the same evangelical church. Bill was an actor. We recognised him from
a beer commercial on TV. So it wasn’t surprising that
he was a great storyteller. He recounted his spiritual journey
with contagious humour and passion. And things might’ve been okay
— if he’d stuck to his script. But he decided to improvise. He’d been talking about his experience of Yahweh’s love and in a moment of inspiration he announced that
he could feel that love in the room right now. He looked around at each of us in turn. Then he uttered four deadly words: ‘Can you feel it?’ I was stumped. I couldn’t say ‘yes’; that would be a lie. But I couldn’t say ‘no’, for various reasons. First, on the most basic level, it seemed rude. Bill was clearly going for a moment here and saying ‘no’ seemed to stomp all over it. Second, we’d been very effectively
trained in Christian Union to always agree with and affirm experiences of Yahweh. Third, if Bill could actually
feel Yahweh’s love and I couldn’t maybe that meant there was something wrong with me. Gradually I became aware that none of
the other children were answering ‘yes’ either. When I looked round, I saw they were all just as confused. Faced with a circle of mute mouths,
Bill started repeating his question and began targeting specific individuals. Still no one answered.
His tone became impatient and interrogating. The tension became excruciating. I remember looking over at Ms Chapel,
sitting on the sidelines and noticing that her face had frozen in a sickly grin. I realised she could see the problem. Gradually, more members of the group
started looking over at her until eventually the only person
who wasn’t was Bill. When he finally followed suit,
Ms Chapel announced we were out of time. The room emptied with uncharacteristic speed
and the incident was never mentioned. There was something odd about Bill’s behaviour
that I couldn’t pinpoint it at the time. Some time later I realised what it was. When we see that someone’s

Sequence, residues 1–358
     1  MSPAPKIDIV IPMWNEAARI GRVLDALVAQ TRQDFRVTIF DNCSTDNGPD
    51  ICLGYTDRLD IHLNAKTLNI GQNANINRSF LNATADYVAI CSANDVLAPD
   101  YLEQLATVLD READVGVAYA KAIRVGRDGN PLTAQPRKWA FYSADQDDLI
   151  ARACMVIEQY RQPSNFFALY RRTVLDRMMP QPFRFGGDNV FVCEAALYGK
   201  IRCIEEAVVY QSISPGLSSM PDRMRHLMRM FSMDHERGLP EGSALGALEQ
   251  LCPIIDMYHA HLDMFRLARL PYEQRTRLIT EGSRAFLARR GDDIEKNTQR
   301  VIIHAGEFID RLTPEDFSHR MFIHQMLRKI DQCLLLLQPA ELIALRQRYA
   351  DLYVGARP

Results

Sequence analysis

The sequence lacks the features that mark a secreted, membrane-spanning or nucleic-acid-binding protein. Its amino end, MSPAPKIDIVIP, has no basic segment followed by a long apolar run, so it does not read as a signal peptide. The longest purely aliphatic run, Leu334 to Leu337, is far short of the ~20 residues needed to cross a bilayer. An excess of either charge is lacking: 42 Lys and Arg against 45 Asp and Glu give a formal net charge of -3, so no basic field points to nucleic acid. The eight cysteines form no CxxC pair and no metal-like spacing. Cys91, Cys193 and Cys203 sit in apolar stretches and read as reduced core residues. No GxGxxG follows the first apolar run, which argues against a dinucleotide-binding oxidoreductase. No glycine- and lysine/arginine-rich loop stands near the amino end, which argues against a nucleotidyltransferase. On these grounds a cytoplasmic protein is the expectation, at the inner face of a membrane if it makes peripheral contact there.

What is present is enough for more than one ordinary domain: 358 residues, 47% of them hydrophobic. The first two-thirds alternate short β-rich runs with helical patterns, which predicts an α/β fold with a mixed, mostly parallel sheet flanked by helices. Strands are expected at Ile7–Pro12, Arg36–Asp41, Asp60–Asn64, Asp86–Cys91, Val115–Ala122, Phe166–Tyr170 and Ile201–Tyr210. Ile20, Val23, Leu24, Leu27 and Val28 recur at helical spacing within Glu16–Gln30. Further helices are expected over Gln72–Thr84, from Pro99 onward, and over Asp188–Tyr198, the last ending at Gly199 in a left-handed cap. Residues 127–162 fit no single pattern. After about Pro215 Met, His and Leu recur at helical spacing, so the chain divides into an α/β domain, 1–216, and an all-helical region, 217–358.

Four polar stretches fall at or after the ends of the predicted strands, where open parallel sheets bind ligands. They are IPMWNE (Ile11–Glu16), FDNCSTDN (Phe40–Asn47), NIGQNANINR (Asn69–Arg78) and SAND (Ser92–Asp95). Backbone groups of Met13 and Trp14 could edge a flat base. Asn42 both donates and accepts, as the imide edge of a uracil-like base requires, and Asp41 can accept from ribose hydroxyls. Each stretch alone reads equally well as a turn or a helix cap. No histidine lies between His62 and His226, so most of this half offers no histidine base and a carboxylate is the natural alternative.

confused by something we’ve said we instinctively try to rectify the situation. We enquire about what’s confusing them.
We rephrase. We offer explanations. Bill did none of this. He saw we were all baffled by his question but, bizarrely, he just kept repeating it
— with escalating frustration. This wasn’t about understanding.
It was about compliance. Bill wanted to hear some yeses
from this group of 12- and 13-year-olds. Pressure tactics are widespread in religion. We see it when children are
pressurised into ‘speaking in tongues’. Children who are quite understandably reluctant
to participate in this ridiculous, undignified babbling are warned if they don’t open their mouths,
the holy spirit can’t talk. And soon the gibberish flows. Thankfully we didn’t succumb to Bill’s pressure tactics. But I know from years of correspondence that many folks have suffered
with tremendous guilt and anxiety because they never felt the sensation
of ‘divine love’ that others claimed to feel. So what exactly does this sensation feel like? Here are just a few responses
gathered from the internet. ‘a wonderful peace and bliss.’ ‘You’ll know it’s the real thing because
mere words will not be able to describe it’ ‘warmness in your chest, peace of mind,
peace of heart, joy ‘numbness in your legs a little bit like electricity’ ‘Sort of a pat on the head.’ ‘…. it’s [sic] beyond words. ‘You will have to experience it for yourself ‘to understand the true feeling of God’s love.’ These responses pretty much reflect the kinds of reactions I’ve had from people in private conversation. What’s immediately striking is that people
are clearly describing wildly different and incompatible sensations. And the feelings aren’t always fluffy. A Christian once told me
divine love felt like fear. This is the chaos you get
when people are urged to identify some physical sensation
without any guiding criteria. So what justifications do people give for
ascribing divinity to these diverse sensations? Some say it’s because they can’t explain them. But failure to explain something
isn’t evidence of divinity, just ignorance. Some say it’s because the sensations